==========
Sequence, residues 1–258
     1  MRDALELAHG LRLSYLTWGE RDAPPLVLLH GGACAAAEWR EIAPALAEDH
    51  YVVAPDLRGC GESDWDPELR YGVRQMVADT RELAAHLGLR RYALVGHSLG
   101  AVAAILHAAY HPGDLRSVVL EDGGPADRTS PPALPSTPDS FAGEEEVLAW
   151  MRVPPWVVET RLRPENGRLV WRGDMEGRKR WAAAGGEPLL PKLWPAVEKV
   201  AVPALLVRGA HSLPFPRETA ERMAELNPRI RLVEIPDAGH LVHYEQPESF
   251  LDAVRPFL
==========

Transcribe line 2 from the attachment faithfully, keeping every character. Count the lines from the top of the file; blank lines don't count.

     1  MRDALELAHG LRLSYLTWGE RDAPPLVLLH GGACAAAEWR EIAPALAEDH